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Franchell "Frenchie" Davis sparked debate on social media with a Facebook post calling out our obsession with colorism.

"Ya'll would never exalt and celebrate black women with dark skin and wide noses for being loud and opinionated and obnoxious, as needed," she wrote. "Not the way y'all exalt the Angela Rye's and Amanda Seales' of the world."

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"They get to be loud and outspoken and angry without being called bitter. And in these present times, I need the actual black women of lighter hue, who are beneficiaries of this f**k sh*t to do a better job at speaking out on and actively combatting it because I'm side eyeing everybody now."

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Frenchie, 41, is best known as a popular contestant on the singing competition show American Idol in 2003.

She went on to perform in Rent on Broadway for 4 years and she was a contestant on the first season of The Voice.

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Instagram

A video of a father and stepmother disciplining their disobedient daughter is going viral on social media.

The video has sparked debate over whether the father and stepmother are being abusive to the girl.

The video shows a father apparently abusing his teenage daughter who allegedly stole something and called his wife a "fat a** b*tch".

The video went viral after celebrities such as Lil Scrappy posted it on social media.

Some are calling for child protective services to investigate.

Update:

The girl is in the custody of rapper Waka Flocka's mom, Debra Antney, who is reportedly related to her. See the videos below.
 


 

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Twitter.com

A debate is raging on social media among Trump supporters who swear a White House reporter called White House Press Secretary Kayleigh McEnany a "lying b---h."

Your auntie heard the press conference live on Tuesday, and I heard the tense exchange between McEnany and Al Jazeera English correspondent Kimberly Halkett.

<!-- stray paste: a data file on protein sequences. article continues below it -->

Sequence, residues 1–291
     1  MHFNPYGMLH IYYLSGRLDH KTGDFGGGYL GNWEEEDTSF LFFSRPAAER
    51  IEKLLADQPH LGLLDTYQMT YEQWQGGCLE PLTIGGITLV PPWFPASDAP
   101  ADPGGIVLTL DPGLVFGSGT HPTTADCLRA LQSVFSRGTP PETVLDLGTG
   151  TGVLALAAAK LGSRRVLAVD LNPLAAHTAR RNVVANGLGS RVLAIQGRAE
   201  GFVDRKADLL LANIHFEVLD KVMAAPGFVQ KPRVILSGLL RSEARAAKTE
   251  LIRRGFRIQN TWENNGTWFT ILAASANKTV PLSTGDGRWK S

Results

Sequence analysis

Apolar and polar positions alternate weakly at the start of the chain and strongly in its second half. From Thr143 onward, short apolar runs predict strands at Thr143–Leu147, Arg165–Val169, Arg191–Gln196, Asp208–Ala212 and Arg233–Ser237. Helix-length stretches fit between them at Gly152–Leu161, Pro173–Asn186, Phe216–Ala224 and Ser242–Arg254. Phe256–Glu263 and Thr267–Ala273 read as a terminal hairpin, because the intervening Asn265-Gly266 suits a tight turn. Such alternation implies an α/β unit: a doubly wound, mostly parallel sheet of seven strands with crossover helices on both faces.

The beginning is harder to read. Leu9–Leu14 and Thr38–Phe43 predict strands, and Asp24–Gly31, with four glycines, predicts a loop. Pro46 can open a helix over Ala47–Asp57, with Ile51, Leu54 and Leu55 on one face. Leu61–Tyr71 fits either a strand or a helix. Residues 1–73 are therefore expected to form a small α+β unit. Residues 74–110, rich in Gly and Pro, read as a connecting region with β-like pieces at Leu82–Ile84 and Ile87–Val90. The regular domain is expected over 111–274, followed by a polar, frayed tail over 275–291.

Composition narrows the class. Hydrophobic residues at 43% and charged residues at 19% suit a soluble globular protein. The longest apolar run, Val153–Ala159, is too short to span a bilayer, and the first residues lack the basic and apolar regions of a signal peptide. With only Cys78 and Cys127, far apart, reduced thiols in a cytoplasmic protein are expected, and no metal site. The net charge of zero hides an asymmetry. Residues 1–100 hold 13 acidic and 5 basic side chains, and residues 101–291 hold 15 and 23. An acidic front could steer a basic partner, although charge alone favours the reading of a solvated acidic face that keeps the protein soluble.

Hhalkett asked McEnany about President Trump's plans to stop Russian interfere in the elections in November.

McEnany read a list of the Trump administration's plans - some already in effect - to fight back against foreign interference. Halkett interrupted McEnany several times as she read the list.

McEnany ended by citing a Wall Street Journal op-ed that questioned "mass mail-out voting."

Apparently not satisfied with McEnany's answers, Halkett pressed her with more questions. At that point McEnany decided to move on to another reporter.

"You've gotten two questions which is more than some of your colleagues," McEnany told Halkett.

When listening live, it sounded like Halkett said, "Okay, you don't want to engage."

But after the debate erupted on Twitter.com, a second listen to the audio sounds like she says, "you're a lying b---h."

You decide. Listen to the audio with unbiased ears. What do you hear?

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Alyssa Milano came under fire for wearing an impractical crochet face mask after urging her followers to wear masks to protect themselves from the coronavirus.

The actress took to Twitter on Saturday to share an image of herself alongside husband Dave Bugliari and their two children on Instagram.

"Show me your masks! Masks keep people safe and healthy. Show me yours! Ready? Go!" she tweeted.

Users on the social media site were quick to criticize the knit mask, leading Milano to defend her mask, claiming there was a filter inside her mask.

"A-holes, mask has a carbon filter in it. So, yes, it might be crochet but totally safe," Milano wrote. "Mask has a filter in it for f-k's sake (sic). A carbon one. My mom makes them. #WearAMask".

The former "Charmed" star also shared a screenshot of the pack of 100 filters she had purchased.

But fans pointed out they could see her skin through the holes in the mask. Which means she was likely not wearing a filter.

A political war over masks is raging in America as millions take sides in the debate over whether to wear a face mask or go mask-free.

Social media videos show grocery shoppers attacking one woman who chose to go mask-free. Other videos show people fighting over the right not to wear a face mask.

In some states, face masks are mandatory, but Georgia is still mask-free.

Mask advocates say wearing a mask slows the spread of the virus. But experts say masks provide no real protection because the masks are not fitted tightly to the face like N95 respirators.

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The virus can easily escape or enter through the holes around the nose and wrinkles in masks and face coverings.

The safest way to protect against spreading the virus is washing your hands for at least 20 seconds, avoiding sick people, and covering your mouth with your sleeve when you cough or sneeze.